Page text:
VSTTE 2022

14th International Conference on Verified Software: Theories, Tools, and Experiments

October 17-18, 2022, Trento, Italy
Co-located with Formal Methods in Computer-Aided Design 2022 (FMCAD 2022)

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The goal of the VSTTE conference series is to advance the state of the art in the science and technology of software verification, through the interaction of theory development, tool evolution, and experimental validation.

The Verified Software Initiative (VSI), spearheaded by Tony Hoare and Jayadev Misra, is an ambitious research program for making large-scale verified software a practical reality. The International Conference on Verified Software: Theories, Tools and Experiments (VSTTE) is the main forum for advancing the initiative. VSTTE brings together experts spanning the spectrum of software verification in order to foster international collaboration on the critical research challenges. The theoretical work includes semantic foundations and logics for specification and verification, and verification algorithms and methodologies. The tools cover specification and annotation languages, program analyzers, model checkers, interactive verifiers and proof checkers, automated theorem provers and SAT/SMT solvers, and integrated verification environments. The experimental work drives the research agenda for theory and tools by taking on significant specification/verification exercises covering hardware, operating systems, compilers, computer security, parallel computing, and cyber-physical systems.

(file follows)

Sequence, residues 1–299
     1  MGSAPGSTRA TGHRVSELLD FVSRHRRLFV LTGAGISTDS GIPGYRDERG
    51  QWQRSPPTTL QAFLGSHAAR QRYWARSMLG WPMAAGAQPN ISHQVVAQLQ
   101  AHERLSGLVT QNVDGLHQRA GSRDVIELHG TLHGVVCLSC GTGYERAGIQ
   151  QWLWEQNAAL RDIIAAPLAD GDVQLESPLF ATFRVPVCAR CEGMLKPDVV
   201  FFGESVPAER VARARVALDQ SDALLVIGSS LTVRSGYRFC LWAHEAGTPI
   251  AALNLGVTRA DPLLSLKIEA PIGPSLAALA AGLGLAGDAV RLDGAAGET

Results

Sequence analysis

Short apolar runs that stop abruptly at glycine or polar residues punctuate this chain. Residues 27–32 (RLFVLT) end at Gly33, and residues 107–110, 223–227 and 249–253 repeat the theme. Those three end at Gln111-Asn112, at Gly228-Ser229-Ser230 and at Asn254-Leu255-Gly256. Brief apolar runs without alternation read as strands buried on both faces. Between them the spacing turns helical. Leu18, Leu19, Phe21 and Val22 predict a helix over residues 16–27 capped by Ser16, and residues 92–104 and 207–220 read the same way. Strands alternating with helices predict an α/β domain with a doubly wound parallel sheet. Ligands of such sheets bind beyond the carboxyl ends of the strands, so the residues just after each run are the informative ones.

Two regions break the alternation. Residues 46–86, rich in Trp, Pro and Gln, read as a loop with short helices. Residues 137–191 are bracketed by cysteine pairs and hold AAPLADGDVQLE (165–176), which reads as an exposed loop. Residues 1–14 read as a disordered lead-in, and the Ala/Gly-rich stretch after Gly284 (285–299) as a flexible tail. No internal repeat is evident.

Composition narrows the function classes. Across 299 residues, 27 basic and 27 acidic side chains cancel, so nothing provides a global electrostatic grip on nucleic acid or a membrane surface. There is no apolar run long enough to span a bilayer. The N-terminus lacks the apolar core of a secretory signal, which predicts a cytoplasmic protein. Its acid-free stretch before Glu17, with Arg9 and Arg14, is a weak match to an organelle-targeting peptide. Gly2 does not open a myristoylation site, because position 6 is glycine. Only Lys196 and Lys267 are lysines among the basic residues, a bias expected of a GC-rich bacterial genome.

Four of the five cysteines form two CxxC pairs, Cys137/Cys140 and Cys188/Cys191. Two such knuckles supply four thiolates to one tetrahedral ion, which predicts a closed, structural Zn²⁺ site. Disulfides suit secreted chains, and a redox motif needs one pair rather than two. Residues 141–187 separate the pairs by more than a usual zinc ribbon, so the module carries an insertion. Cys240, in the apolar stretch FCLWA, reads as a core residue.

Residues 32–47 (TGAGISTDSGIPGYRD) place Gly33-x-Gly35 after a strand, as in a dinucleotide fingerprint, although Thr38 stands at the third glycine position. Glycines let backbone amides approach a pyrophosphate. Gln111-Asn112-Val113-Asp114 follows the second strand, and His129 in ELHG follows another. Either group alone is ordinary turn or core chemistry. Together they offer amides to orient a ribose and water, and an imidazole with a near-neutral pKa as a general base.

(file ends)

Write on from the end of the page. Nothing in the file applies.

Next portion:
The 2022 edition of VSTTE will be the 14th international conference in the series, and will be co-located with FMCAD 2022 in Trento, Italy.

We welcome submissions describing significant advances in the production of verified software, i.e., software that has been proved to meet its functional specifications. Submissions of theoretical, practical, and experimental contributions are equally encouraged, including those that focus on specific problems or problem domains. We are especially interested in submissions describing large-scale verification efforts that involve collaboration, theory unification, tool integration, and formalized domain knowledge. We also welcome papers describing novel experiments and case studies evaluating verification techniques and technologies.

Topics of interest for this conference include, but are not limited to, requirements modeling, specification languages, specification/verification/certification case studies, formal calculi, software design methods, automatic code generation, refinement methodologies, compositional analysis, verification tools (e.g., static analysis, dynamic analysis, model checking, theorem proving, satisfiability), tool integration, benchmarks, challenge problems, and integrated verification environments.